- Long warranty
- Large interior
- Too expensive
- Quality not great
- Sluggish engines
The Kia Venga gets reasonable, but not great reviews. The Venga is a small, short city car that has a comprehensive seven-year, 100,000-mile warranty, something that provides private buyers with masses of reassurance.
It’s no one-trick pony though; it’s more spacious than you’d imagine, nicely finished inside, and surprisingly agreeable to drive too, if not the best in the class.
Cheapest to buy: 1.4-litre ‘1’ petrol
Cheapest to run: 1.4-litre SR7 diesel
Fastest model: 1.6-litre ‘3’ petrol
Most popular: 1.4-litre SR7 petrol
The Venga is a short car that feels much bigger inside than it should; it manages this thanks to an upright seating position and by having the four wheels located at each corner, a bit like the original Mini.
There is room on the rear seats for three children and they slide fore and aft by 130mm too, adding to their versatility. The boot floor can be lowered as well giving even more room for luggage.
It feels bright in there too – especially if you specify the optional glass sunroof – and equipment levels are generous. It’s not quite as well built as the best of its competitors – but don’t lose sight of that seven-year warranty, will you?
The Venga rolls a fair bit in the corners but “it’ll hang on gamely” when driven hard. Kia has tuned the suspension for British roads (the European set-up is a bit too harsh for us, apparently) but it can still crash a bit at lower speeds, which is a drawback for what is primarily a low-speed, commuting and city car.
It’s quiet at motorway speeds and the brakes are reassuringly powerful at all speeds. The steering is light and easy.
Although you’re not justified in expecting a thrilling ride and driving experience from a car like the Venga, even for an MPV it’s totally uninspiring and a long way short of being even slightly entertaining. While some may see its forgettable driving experience as something of a plus-point, most modern buyers expect a bit more these days, even from a vehicle like the Kia Venga.
The 1.4-litre petrol engine is underpowered and best avoided. Its bigger brother, the 1.6 petrol engine, is hampered by being bolted to a four-speed automatic gearbox.
The 1.4-litre petrol unit also has a pretty poor 0 to 60 mph time of 13.1 seconds, but even if you can cope with that you are unlikely to be happy with its performance beyond that point. It takes another 13.5 seconds to get from 60 to 80 mph, which is sluggish by just about anyone’s standards.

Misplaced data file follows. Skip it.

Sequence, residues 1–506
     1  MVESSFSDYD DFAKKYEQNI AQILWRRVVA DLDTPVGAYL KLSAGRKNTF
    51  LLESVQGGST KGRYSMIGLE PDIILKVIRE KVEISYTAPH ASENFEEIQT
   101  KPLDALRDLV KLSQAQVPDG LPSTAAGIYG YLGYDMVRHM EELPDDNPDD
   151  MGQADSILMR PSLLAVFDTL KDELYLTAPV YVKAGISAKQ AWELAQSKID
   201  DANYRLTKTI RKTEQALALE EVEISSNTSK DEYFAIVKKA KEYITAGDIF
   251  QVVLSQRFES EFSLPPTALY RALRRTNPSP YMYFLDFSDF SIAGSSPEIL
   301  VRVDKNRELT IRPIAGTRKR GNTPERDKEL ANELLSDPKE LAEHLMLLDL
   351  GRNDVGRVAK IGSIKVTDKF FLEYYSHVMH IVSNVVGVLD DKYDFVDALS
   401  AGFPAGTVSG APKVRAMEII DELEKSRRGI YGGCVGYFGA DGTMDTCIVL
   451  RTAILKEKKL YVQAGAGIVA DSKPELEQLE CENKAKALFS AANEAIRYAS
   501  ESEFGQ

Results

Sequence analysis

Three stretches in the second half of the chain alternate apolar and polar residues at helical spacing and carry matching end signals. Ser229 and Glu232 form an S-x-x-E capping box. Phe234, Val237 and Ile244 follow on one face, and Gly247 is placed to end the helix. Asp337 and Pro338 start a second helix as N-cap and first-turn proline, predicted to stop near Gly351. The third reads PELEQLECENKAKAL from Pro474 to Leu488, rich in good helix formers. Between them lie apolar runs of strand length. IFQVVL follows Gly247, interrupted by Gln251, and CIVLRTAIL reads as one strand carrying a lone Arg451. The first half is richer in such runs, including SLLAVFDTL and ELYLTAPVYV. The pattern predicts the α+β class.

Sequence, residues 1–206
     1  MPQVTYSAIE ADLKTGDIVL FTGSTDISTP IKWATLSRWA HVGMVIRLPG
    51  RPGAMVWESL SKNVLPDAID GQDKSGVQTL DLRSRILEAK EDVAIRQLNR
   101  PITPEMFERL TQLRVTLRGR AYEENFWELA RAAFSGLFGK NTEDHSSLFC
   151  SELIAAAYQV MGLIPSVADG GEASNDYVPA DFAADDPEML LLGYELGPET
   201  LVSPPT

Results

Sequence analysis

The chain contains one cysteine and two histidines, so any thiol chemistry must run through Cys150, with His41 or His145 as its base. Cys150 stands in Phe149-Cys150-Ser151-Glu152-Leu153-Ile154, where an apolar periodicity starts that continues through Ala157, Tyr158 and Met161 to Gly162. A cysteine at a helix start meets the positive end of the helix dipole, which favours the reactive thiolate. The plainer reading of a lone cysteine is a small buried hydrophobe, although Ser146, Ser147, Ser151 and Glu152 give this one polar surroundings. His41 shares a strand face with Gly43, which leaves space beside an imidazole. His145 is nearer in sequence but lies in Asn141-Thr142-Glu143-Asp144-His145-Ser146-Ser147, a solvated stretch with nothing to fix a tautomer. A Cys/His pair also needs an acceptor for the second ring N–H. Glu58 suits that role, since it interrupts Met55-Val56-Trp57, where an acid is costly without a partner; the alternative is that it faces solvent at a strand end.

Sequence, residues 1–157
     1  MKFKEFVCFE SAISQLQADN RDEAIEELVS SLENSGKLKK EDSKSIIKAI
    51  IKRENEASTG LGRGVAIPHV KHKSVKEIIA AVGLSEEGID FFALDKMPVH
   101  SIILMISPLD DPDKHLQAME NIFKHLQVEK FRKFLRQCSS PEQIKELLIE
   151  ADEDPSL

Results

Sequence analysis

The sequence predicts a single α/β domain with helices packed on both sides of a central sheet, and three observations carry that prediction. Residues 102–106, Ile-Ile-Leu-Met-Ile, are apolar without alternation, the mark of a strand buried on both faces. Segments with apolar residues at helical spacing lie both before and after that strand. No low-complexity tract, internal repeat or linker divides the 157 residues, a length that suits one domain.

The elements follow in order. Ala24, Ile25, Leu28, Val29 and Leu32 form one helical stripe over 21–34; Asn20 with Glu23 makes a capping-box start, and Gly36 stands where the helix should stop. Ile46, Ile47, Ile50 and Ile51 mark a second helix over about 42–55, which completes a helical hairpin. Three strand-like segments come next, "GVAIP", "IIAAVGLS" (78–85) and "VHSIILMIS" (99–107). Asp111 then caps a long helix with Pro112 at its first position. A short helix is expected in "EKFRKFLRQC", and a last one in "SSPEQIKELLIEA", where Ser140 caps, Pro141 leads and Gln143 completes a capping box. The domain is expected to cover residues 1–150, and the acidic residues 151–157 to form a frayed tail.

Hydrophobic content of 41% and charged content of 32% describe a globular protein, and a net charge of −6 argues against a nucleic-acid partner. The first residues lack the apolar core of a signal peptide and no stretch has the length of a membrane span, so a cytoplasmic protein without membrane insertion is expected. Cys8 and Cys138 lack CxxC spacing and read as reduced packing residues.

The best engine, then, is the 1.4 CRDi diesel engine – and not just by default. It gives useful performance and decent fuel economy – most reviewers think it’d be unwise to plump for either of the other two.
The inclusion of front, side and curtain airbags, active anti-whiplash head restraints and stability control in every Kia Venga tells you just how seriously the manufacturer takes safety.
By the very nature of what these vehicles are intended do – carry people – MPVs have to pay serious attention to both active and passive safety systems and the Venga comes out pretty well in this area.
MPVs like the Venga are inherently top-heavy, so it does require some work to make the driver and passengers feel totally safe in them. The Venga gets a five-star Euro NCAP rating for safety, so you can’t really ask for a whole lot more.
The Kia Venga isn’t as cheap to buy as you might imagine but that warranty makes it good value – especially as it’s a nice car to drive and own too. Few people will buy one and be disappointed after seven years.
Even though you have that excellent warranty, don’t expect to get a good trade-in price when the time comes to change as there are so many competitors that will prove more desirable to used buyers.
The high levels of standard safety equipment is a real positive for the car, but whether that actually means the car represents good value for money is debatable. If you need something small to nip around town then the Volkswagen Up or Skoda Citigo make for more complete packages.
For the family motorist on a budget the Venga should be considered, it doesn’t excel in any one area but is a competent, if slightly dull, all-rounder. There are better cars to drive – and the engine choice isn’t that great – but the ownership experience as a whole should be rewarding and trouble free; things that the average family will come to appreciate in a car over the years.
The length of warranty Kia offers puts competitors in the shade, but it means little if you don’t intend to keep your Venga longer than three years. Although it will be good for the next owner, it is unlikely to mean much to you in terms of a stronger resale value.